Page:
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September 08, 2005
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ARCHIVE: Nevada Mining - Environment

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Manhattan Mine

Manhattan Mine


Mining industry consolidation and new technology are allowing mining companies in Nevada to produce 8-times more gold than 20 years ago. Both the Industry and conservationists are trying to get their arms around the impacts of today's mining. KNPR's Ky Plaskon reports.

SOUND: Birds

PLASKON: The tiny town of Manhattan is nestled in the hills above Nye County's Big Smokey Valley, 300 miles north of Las Vegas. Mining companies are proud of it. They fixed up the land after it was mined. Unfortunately, few people are around to see it.

SOUND: Hi there

PLASKON: Like most abandoned mining towns, the only open business in Manhattan is the bar. Ken Shaeffer is a Manhattan resident.

SHAEFFER: I think they did an excellent job, they worked through the winter, there were only two guys who did that thing, but they had good equipment. They even tried to work after night and they got paid well for that.

PLASKON: They smoothed over tailings piles and put in native plants. But left the open pit. Aside from that it looks normal.

SHAEFFER: Oh ya, oh ya, they got awards for that.

PLASKON: The site won the Department of the Interior's Sustainable Development Mineral Environment Award last year. Mining today isn't like Manhattan. They have better methods for reclamation and are required to do so with bonds. Mining is also occurring on a much larger scale. In the past mining was for mostly what's called 'Free Gold', or visible chunks of gold. Not today says Round Mountain Gold Corporation's general manager Mike Lacchionne.

LACCHIONNE: We can't necessarily see the gold. It is microscopic.

PLASKON: In the past miners called pyrite 'Fools Gold' because of its illustrious gold color but little gold. Today's mining process for extracting gold means the mine even collects 'Fool's Gold'.

LACCIONNE: Ya, but if it has gold attached to it then it quickly becomes gold.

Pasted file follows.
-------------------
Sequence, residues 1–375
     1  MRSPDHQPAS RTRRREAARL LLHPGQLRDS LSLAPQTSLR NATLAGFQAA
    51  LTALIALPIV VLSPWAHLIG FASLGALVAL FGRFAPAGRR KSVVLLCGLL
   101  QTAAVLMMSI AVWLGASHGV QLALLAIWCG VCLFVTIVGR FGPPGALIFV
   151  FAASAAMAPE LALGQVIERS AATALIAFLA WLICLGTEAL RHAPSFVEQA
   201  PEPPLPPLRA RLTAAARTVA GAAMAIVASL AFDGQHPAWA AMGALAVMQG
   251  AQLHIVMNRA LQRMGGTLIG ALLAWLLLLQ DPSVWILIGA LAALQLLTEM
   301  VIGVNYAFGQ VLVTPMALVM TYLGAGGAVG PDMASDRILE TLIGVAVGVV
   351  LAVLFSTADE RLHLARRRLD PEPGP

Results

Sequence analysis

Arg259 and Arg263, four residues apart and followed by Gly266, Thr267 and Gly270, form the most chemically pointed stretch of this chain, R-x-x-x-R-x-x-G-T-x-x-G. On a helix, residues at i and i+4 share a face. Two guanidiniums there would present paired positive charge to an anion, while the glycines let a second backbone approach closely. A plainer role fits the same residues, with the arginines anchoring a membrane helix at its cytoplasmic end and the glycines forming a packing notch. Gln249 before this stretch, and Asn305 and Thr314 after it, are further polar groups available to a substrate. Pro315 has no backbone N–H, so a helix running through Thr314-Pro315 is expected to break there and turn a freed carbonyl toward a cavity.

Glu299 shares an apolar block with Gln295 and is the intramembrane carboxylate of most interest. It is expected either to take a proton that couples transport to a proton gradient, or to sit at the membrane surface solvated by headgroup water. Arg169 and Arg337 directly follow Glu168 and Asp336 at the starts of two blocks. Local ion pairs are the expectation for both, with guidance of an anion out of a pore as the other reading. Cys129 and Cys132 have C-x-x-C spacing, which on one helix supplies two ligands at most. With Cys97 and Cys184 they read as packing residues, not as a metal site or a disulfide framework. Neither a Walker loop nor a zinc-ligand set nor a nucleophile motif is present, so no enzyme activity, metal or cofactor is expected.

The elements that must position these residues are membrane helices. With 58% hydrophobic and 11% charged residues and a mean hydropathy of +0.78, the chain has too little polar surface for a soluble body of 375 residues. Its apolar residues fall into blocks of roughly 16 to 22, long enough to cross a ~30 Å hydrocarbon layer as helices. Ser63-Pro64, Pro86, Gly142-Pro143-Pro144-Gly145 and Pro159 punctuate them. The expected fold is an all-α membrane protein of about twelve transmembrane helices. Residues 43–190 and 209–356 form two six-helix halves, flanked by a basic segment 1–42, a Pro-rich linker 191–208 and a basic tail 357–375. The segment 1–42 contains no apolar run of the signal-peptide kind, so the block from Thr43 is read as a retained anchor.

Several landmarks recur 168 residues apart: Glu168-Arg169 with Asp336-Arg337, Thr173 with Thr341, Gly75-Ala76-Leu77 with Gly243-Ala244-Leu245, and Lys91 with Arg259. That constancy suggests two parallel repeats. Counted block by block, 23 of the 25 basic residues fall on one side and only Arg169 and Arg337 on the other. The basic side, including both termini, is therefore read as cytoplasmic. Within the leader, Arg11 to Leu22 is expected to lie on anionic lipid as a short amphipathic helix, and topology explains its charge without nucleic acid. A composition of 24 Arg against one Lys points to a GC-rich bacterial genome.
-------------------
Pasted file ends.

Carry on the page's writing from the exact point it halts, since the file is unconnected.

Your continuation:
PLASKON: To find the invisible bits of gold, Round Mountain digs up 22 million pounds of rock every day, creating a giant hole, 1-thousand feet deep and a mile across.

SOUND: Pit

PLASKON: The pit is so large boulder hauling trucks look like ants crawling up the side of it. Of the 22 million pounds of rock, 21 million are useless and discarded to a rock heap each day. The other million pounds go through various processes to get out microscopic fragments of the metal.

SOUND: Rock crusher

PLASKON: Chunks of rock the size of a table meet with steel balls inside this giant spinning rock grinder. Its nearly three stories tall and 5 feet wide. In seconds rocks the size of a table are pulverized to the size of a grain of sugar . . . then to a powder called 'liberation size', a thick mud. Outside, the mud pours through a series of bubbling tanks of cyanide.

SOUND: Bubbling tanks

PLASKON: The mine puts chunks of carbon in the tank. The particles of gold are so tiny, they stick to chunks of carbon, like a magnet. The carbon is collected on a screen and the gold is cleaned off. Gold is also super heated to further refine it. That process has put the blame on Nevada gold mines for widespread Mercury pollution in Idaho and Utah. Conservationists say when mines super-heat gold to remove impurities, high levels of mercury clouds of mercury are released and land in neighboring states. Nevada was reported as the largest mercury polluter until 2001 when gold mining companies agreed to a voluntary emissions programs. The Nevada Mining Association and EPA reported that Murcury emission have been greatly reduced, but last month the Reno Gazette Journal reported however that a UNR professor preparing an EPA report suspects Gold mines may be under-reporting the levels. Elyssa Rosen of the Great Basin Mine Watch says there is an easy solution.

ROSEN: We just haven't funded publicly any oversight and state oversight panels that would regulate the industry. The Nevada division of minerals is essentially about promoting the industry and it does do some abandoned mine clean up but it is mostly stay-out, stay alive kind of stuff.

PLASKON: Mining is already regulated under 35 state and federal laws. Debora Strussacker Government Affairs for Round Mountain Gold says more regulation isn't the answer. In fact they would like to see current laws consolidated.

ROSEN: Some of the regulations come with expensive permitting processes that are cumbersome. Few would rather see that money put into environmental protection on the ground and not put into a process that is not beneficial to us.

PLASKON: The mining industry has thrown its support behind a task force led by republicans in congress to streamline the National Environmental Policy Act and other federal laws. The effort began in April this year and is currently accepting public comment.

Ky Plaskon, News 88-9 KNPR

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